Tuesday, April 06, 2010

CMEC v Mitchell: Child support and the Limitation Act

Strange how things happen. Only this morning I was reading a report from America about an 81-year-old woman who is suing her ex-husband for child support that he was supposed to start paying sixty years ago. That got me idly thinking about the possible application of the Limitation Act to child support. A few hours later I came across the report of CMEC v Mitchell on Bailii.

The case involves the ever-ingenious David Burrows, who sought to claim that the Act applied to applications by CMEC under s.39A Child Support Act 1991 for the issue of a warrant committing the liable person to prison or for an order for him to be disqualified from holding or obtaining a driving licence. Mr Burrows represented David Mitchell, who owed child support arrears of £14,592.07, having only ever paid the princely sum of £9, and having at one point made himself bankrupt with the express purpose of avoiding payment of child support.

Needless to say, CMEC (and its predecessor, the Child Support Agency) obtained a liability order (on 24th January 2002) and thereafter made numerous attempts to enforce payment against Mr Mitchell, but without success. They therefore made an application under s.39A. The Magistrates' Court rejected the argument that that the application should be struck out on the basis that it was barred by the Limitation Act 1980 (having been made more than six years after the making of the liability order), and disqualified Mr Mitchell from driving for 12 months, suspended on the basis that he pay £5 per week in child maintenance arrears.

Mr Mitchell appealed to the County Court, where his limitation argument was accepted. CMEC then appealed against the County Court order, contending that as a matter of law the Limitation Act 1980 does not apply to an application pursuant to s.39A of the Child Support Act 1991.

The Court of Appeal allowed the appeal. Lord Justice Thorpe agreed with CMEC's submission that the section 39A procedure fell without the express wording of section 9 of the Limitation Act, namely "an action to recover any sum recoverable by virtue of any enactment". "That is because neither of the two possible orders that can be obtained under section 39A will result directly in the recovery of the sums due by way of child maintenance", he said, even though s.39A may "pressurise the parent who is wilfully refusing or culpably neglecting either to meet his financial obligations or to suffer a distasteful alternative".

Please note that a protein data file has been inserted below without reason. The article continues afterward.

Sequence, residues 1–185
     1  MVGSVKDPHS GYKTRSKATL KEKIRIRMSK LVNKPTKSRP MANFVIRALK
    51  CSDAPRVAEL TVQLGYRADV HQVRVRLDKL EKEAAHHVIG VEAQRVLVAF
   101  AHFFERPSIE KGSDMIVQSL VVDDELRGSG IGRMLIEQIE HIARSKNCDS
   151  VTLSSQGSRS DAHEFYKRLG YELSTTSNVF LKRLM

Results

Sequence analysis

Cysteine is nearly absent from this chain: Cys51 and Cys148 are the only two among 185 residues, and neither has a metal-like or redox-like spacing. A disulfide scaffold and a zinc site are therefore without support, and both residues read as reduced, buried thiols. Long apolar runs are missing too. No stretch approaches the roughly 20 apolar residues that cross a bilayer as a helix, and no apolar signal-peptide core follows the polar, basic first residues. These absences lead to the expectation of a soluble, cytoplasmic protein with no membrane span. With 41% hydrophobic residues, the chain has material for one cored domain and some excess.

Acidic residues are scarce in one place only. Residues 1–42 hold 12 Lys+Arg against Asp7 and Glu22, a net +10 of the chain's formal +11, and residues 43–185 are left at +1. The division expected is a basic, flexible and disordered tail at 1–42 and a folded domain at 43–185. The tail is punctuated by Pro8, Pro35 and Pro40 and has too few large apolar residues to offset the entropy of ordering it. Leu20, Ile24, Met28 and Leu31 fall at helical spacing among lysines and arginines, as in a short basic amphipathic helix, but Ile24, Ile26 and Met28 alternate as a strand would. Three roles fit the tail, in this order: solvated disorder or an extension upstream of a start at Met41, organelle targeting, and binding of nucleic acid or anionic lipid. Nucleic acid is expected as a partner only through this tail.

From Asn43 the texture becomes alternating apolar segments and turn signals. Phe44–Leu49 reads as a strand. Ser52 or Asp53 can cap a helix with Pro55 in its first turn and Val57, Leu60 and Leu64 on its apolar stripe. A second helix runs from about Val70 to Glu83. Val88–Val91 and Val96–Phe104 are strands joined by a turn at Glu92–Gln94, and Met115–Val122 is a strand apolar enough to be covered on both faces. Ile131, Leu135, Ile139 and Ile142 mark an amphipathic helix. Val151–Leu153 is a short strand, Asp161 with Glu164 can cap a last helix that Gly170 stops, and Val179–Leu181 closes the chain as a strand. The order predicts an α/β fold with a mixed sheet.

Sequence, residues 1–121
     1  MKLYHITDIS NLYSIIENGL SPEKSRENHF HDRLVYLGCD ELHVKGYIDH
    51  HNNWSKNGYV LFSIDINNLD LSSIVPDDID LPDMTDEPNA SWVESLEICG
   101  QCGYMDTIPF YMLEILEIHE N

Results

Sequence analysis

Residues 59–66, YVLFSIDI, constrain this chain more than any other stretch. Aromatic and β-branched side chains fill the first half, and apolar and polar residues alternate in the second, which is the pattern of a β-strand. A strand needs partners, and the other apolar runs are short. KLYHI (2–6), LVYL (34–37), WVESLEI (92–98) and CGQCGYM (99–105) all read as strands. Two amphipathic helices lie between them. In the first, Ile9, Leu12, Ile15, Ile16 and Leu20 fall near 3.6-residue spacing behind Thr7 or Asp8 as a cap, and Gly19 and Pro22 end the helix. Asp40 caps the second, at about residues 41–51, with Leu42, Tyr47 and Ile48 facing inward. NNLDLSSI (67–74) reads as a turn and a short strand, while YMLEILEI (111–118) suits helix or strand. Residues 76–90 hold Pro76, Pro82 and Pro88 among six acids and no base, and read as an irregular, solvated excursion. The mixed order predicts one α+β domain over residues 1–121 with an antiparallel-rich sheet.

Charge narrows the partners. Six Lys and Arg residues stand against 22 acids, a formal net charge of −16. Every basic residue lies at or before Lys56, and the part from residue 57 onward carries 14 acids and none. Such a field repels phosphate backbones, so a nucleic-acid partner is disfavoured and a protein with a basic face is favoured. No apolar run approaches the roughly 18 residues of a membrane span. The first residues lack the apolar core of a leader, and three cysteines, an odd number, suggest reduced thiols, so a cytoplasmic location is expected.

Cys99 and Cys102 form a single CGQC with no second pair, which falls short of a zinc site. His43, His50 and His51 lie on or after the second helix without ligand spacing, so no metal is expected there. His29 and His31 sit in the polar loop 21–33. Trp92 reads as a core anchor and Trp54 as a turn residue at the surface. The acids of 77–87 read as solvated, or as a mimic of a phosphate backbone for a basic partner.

A decision that may smack a little of semantics, but nevertheless surely ends up with the correct result.

4 comments:

  1. Does child support arrears (by court order rather than CSA) accrue interest in England please?

    I think I know with the CSA it doesn't, but am wondering if it is done in Divorce order and not paid if interest accrues at 8%?

    ReplyDelete
  2. I am prepared to be corrected on this, but my recollection is that interest is not generally recoverable on maintenance arrears. Certainly, it does not accrue automatically.

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  3. I note Thorpe LJ's words "wilfully refusing or culpably neglecting .. to meet his financial obligations”. What about a case where the CSA had several opportunities to tell the Non resident parent (NRP) that he owes £12000 from 1994 but did not do so. In fact, CSA only contact the NRP in 2011 - nearly 17 years after the event - but still insists on its right to go for a liability order and attachment of earnings.

    Did Thorpe LJ miss something or is there a loophole to allow the Statute of Limitations in?

    Any comments gratefully received.

    Chris

    ReplyDelete

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